A Peek at the Variety, Wonder and Trauma of Black Life, Then and Now
“There Are Black People in the Future,” a billboard installation by Alisha Wormsley in Pittsburgh. Image courtesy of the artist.
In this glowing review for the New York Times, Scaachi Koul prepares readers for Kimberly Drew and Jenna Wortham's highly anticipated book, Black Futures. The book collects essays, interviews, art, photography, poems, tweets, memes and screenshots, all celebrating the infinite expansiveness of Blackness. Described as an attempt to document what it might mean to be Black around the world in the past, present, and future, Drew and Wortham’s book offers its readers a wide range of topics to consider that are both public and intimate to Black life. The representation of Blackness within this text is prismatic, non-linear, and ever-growing. Rather than trying to narrow down the boundaries of its definition, Drew and Wortham provide a vibrant and beautifully complicated narrative experience.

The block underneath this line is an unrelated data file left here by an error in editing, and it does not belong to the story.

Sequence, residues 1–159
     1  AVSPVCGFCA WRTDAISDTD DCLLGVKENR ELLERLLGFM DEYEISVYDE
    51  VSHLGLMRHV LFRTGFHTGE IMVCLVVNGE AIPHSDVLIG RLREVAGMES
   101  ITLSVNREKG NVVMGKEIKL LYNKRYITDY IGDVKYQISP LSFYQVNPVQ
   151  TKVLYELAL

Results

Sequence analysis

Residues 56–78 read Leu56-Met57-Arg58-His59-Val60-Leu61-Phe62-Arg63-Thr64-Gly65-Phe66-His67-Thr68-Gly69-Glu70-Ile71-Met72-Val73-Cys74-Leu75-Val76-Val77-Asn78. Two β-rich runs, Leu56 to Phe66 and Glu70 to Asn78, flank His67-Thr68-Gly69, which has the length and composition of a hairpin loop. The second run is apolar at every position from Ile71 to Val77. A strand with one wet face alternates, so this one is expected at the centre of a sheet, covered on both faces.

“Black Futures doesn’t try to encapsulate the whole past and present of Blackness around the world, but instead, to give us an impressive start, a blueprint for this moment and the next, for where Black folks have been and where they might be going.” - Scaachi Koul